Rural Sovereignty Grant

Rural Sovereignty Grants

Grant amount: $150,000

Application opening date: Tuesday, January 30, 2018

Application closing date: Friday, March 2, 2018

Please submit applications to:

Public Lands Policy Coordinating Office

5110 State Office Building

Salt Lake City, UT 84114-1107

or email to kathleenclarke@utah.gov


The Public Lands Policy Coordinating Office (PLPCO) received $150,000.00 last year (FY 18) in
an appropriation from the Legislature to be used for Rural Sovereignty Grants.

The Legislature intended the funds be used as a grant program to support rural Utah counties and initiatives challenging federal restrictions and actions that prohibit or harm resource use, access, and development on public (federal) lands.

PLPCO would like to invite counties in Utah to submit a proposal and statement of need to apply for these funds. The proposal and statement of need must identify specific initiatives and efforts the county intends to bring to challenge federal restrictions and actions that prohibit or harm resource use, access, and development on public (federal) lands. The proposal should include:

1) A proposed Scope of Work;
2) Draft budget identifying specific funding needs;
3) A proposed time line for using the funds;
4) Deliverables;
5) Responsible party; and
6) Any other information the county, or its representative, deems essential to assist PLPCO in determining a county’s qualification for receipt of grant funds.

The proposal and statement of need must be sent via email to Kathleen Clarke at

kathleenclarke@utah.gov, or via U.S. Mail to:

Public Lands Policy Coordinating Office
Attention Kathleen Clarke
5110 State Office Building
Salt Lake City, UT 84114

The deadline for applying for all or a portion of the grant funds is Friday, March 2, 2018 before 5:00 p.m.

After the deadline is closed, a selection committee will evaluate the applications. Applications will be evaluated using the following criteria:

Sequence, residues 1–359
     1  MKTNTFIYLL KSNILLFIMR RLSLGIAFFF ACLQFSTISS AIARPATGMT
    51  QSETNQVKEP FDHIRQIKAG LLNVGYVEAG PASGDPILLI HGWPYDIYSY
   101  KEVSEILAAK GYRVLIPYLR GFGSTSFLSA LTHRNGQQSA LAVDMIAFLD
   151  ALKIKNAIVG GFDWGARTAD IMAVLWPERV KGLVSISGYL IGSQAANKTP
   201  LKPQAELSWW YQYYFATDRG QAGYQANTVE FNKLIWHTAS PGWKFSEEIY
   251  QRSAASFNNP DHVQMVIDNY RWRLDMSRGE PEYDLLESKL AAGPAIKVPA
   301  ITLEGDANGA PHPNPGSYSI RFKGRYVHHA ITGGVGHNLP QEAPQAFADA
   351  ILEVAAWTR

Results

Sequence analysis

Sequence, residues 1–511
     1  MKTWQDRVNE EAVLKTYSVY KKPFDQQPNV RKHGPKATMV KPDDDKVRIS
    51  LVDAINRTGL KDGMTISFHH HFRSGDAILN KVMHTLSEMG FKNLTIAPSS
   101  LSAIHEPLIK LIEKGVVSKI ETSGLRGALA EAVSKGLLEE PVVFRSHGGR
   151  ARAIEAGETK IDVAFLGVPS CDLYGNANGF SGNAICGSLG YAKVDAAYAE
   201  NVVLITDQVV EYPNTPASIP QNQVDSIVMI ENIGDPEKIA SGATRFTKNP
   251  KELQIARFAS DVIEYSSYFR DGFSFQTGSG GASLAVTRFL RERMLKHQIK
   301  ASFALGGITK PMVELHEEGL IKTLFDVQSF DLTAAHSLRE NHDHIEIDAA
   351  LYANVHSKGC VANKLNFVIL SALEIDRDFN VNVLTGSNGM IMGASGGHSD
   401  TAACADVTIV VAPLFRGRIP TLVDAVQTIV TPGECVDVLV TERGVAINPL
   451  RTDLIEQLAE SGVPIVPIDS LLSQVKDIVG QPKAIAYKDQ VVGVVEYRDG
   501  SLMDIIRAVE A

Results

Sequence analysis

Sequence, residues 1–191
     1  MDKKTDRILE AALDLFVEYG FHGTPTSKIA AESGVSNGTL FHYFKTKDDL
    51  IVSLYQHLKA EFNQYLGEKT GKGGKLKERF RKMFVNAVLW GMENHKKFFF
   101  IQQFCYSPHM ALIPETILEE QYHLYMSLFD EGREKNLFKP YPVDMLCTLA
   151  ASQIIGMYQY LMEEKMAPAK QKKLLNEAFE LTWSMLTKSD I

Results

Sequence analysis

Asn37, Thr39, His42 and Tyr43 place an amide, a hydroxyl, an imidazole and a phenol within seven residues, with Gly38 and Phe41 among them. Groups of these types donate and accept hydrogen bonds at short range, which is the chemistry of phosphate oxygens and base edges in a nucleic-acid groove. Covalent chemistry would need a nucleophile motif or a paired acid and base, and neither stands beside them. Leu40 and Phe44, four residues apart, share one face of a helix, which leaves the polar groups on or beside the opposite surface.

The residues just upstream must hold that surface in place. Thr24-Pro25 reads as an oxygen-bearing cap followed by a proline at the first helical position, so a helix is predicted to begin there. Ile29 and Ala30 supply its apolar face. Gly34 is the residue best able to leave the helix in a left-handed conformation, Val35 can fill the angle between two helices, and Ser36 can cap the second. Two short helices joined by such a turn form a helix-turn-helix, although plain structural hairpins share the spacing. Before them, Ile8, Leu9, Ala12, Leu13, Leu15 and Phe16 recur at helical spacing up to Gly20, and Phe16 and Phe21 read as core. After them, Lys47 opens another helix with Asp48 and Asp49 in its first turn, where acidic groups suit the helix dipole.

• County initiative contains measurable goals and objectives that will result in a challenge to federal restrictions and actions that prohibit or harm resource use, access, and development on public (federal) lands in or around that county;
• Likelihood that initiative challenging federal restrictions and actions will be successful or result in policy or legal change;
• Budget- County must submit a complete budget identifying concrete funding needs;
• Percentage of public land in county seeking funds; and
• County, or its representatives, expertise, competence, and experience challenging federal restrictions and actions that prohibit or harm resource use, access, and development on public (federal) lands in or around that county

If you have any questions regarding the Rural Sovereignty Grants, please contact Braden Sheppard at bsheppard@utah.gov or at (801) 537-9801.

We look forward to working with counties and their representatives with this grant program

PLPCO Director Testifies Before House Committee on Natural Resources

Clarke testimony

PLPCO Director Kathleen Clarke testifying before the House Committee on Natural Resources Photo Credit: Utah Governor’s Office

On May 19, 2015, PLPCO Director Kathleen Clarke testified to the House Committee on Natural Resources that “the relentless efforts to force more standardized and irrelevant mandates on the use of the land not only threatens the conservation of the species, but unnecessarily imposes hardship on the hard-working citizens of the West”. Ms. Clarke testified along with Dustin Miller, Administrator, Idaho Office of Species Conservation; John Swartout, Senior Policy Advisor, Office of Gov. John Hickenlooper of Colorado; and Ed Arnett, Senior Scientist, Theodore Roosevelt Conservation Partnership. All of their expert testimonies were offered as part of an oversight hearing titled: “Empowering State Management of Greater Sage Grouse”. Western states have been frustrated with federal efforts that exclude the states and local governments. “Instead of helping cut through the red tape, federal agencies are focusing most of their effort on finding new ways to regulate human activity,” said Director Clarke.

While Mr. Arnett favored both state and federal plans to manage sage grouse, other experts advocated for state and local control. Mr. Miller said, “[t]he State of Idaho holds to the notion that local collaboration, local ideas, and local efforts garner the greatest results.” Ms. Clarke agreed by saying “[t]he state of Utah is committed to the long-term conservation of greater sage-grouse. Over $50 million has been invested over the last 10 years on sage-grouse conservation in Utah.”

Representative Lummis of Wyoming seemed to agree with the experts by stating: “[t]he Administration has spurned this committee’s efforts to improve the law, all while defending a deeply flawed system. Simply trusting that the Administration will fix these problems on its own seems like allowing the fox to guard the hen house.” Representative Bishop from Utah also agreed that states need more influence and authority in managing their resources. “States are using resources wisely to recover species and keep them off the list. We should do more to encourage them” according to Bishop.

To listen to the archived hearing webcast, click here.